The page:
Winter Olympics chief knew of luge fears a year before athlete's death
Sport's federation voiced alarm over dangers of high-speed run
Organisers of last year's Winter Olympics in Vancouver were warned about potential problems with the luge run – notably record-shattering speeds – almost a full year before an accident that killed a young competitor, newly released emails have revealed.
On his final practice run at the Whistler Sliding Centre, the Georgian luger, Nodar Kumaritashvili, 21, lost control on a curve and was catapulted into the air. He crashed into an unprotected metal pole and died instantly. The fatal accident cast a pall over the opening ceremony of the Games held later the same day.
With the first anniversary of the accident coming this weekend, the new revelations, contained in emails obtained by the Globe and Mail newspaper and the Canadian Broadcasting Corporation under freedom of information laws, are a potential embarrassment to the former chief executive of the Vancouver Olympic organising committee, John Furlong.
The email chain was spurred by a letter sent by the International Luge Federation (ILF) eleven months before the start of the Games to the German designers of the luge run, voicing alarm about how fast it was proving to be. A copy of the letter was seen by Mr Furlong who in turn expressed his concern to others in the organising committee.
"Embedded in this note (cryptic as it may be) is a warning that the track is in their view too fast and someone could get badly hurt," Mr Furlong wrote in one email made public yesterday. "An athlete gets badly injured or worse and I think the case could be made we were warned and did nothing."
He went on: "I'm not sure where the exit sign or way out is on this. Our legal guys should review at least."
Another email apparently written by Tim Gayda, who was vice-president of sport for the organising committee, shows that while he had also read the luge federation's warning he too saw no way of responding to it. "There is nothing to do on our side but it does put in writing concern about the speeds of the track if there was ever an incident," he wrote.
Mr Furlong, who emigrated to Canada from Ireland in the early 1970s, revealed in a memoir published this month that Kumaritashvili's family received Canadian $150,000 (£95,000) in insurance money after the accident and that when he travelled to a memorial service for the athlete in Georgia he handed over an additional C$25,000 in cash.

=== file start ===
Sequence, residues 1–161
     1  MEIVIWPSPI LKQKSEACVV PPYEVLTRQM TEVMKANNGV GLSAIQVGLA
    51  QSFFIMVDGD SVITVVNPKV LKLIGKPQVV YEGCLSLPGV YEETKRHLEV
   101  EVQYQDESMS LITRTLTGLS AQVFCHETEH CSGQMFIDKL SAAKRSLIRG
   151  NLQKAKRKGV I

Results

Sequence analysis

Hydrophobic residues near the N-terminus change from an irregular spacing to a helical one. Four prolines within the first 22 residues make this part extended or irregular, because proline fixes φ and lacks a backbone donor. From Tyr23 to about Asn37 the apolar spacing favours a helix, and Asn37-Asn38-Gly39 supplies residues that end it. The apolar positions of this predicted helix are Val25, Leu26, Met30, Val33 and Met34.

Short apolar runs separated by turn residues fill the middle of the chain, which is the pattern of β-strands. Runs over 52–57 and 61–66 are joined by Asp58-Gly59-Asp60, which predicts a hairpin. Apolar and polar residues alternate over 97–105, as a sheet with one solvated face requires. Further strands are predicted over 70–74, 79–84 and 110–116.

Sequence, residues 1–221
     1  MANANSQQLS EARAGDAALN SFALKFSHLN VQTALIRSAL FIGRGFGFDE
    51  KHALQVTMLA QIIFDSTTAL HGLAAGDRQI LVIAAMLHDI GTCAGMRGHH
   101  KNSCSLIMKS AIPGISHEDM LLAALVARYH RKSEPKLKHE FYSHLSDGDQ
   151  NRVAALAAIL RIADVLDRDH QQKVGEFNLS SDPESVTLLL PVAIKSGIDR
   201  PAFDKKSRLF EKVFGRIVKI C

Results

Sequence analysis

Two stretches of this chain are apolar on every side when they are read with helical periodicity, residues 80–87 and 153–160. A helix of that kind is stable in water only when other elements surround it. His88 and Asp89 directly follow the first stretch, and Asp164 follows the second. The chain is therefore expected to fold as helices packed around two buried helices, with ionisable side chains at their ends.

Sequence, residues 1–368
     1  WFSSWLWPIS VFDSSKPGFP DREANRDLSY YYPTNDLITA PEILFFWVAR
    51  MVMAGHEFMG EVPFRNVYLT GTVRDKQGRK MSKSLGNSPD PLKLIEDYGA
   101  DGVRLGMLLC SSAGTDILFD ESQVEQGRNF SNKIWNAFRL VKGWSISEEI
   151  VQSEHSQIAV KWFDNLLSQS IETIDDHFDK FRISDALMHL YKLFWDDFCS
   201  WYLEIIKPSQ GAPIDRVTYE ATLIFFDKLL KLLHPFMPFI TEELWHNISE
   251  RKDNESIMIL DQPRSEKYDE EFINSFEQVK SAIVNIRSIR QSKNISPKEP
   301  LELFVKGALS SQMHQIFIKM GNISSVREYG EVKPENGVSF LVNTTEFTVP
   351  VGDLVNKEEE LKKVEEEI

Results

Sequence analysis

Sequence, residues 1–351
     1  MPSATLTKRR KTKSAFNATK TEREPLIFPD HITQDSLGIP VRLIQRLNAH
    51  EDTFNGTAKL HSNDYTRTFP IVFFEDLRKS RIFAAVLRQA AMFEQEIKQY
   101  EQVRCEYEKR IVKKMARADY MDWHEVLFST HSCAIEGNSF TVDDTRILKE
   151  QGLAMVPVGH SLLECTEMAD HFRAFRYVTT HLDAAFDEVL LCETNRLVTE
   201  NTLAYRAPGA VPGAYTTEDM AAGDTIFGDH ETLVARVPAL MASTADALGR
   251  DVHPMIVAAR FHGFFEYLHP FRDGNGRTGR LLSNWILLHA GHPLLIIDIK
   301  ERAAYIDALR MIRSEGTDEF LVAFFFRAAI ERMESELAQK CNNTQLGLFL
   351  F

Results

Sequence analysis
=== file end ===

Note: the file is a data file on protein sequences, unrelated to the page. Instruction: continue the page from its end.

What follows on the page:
In the book, Patriot Heart, Mr Furlong says that he never imagined anyone losing their life amid all the worries and challenges ahead of the Games, not least the dearth of snow at one of the ski competition sites. The author also points out that the crash was always treated as an accident and nothing more by the British Columbia authorities. "The chief coroner of B.C. has handed down his report and found no blame," he writes.
The warning letter from the ILF was written by its president, Josef Fendt. It noted that some riders on the Whistler run had clocked speeds of 155kph (96.3mph), when 135kph had previously been considered normal for Olympic courses.
"Most of the athletes were able to cope with these extremely high speeds," he wrote, according to portions of the letter posted yesterday by the Globe and Mail. "Nevertheless, overstepping this limit would be an absolute unreasonable demand for the athletes . . .This causes me great worry."
The organising committee always said that the luge run was the responsibility of the ILF. The federation's general secretary, Svein Romstad, told the Globe and Mail that the high speeds would have instantly caused concern. "The red flags would have gone up, absolutely," he said. "Our goal is always to have tracks around 135kmh, and that was what the designer projected. Instead, we suddenly got to 154 kmh. That was never our intention. This has been devastating for us, as a federation. It's not what we're about."
Mr Romstad noted that the ILF was already working to make sure that at Sochi, Russia, the host city of the next Games, the luge run will mark a return to more normal speeds. "If we believe we can make changes that can make a difference, we're going to make them."
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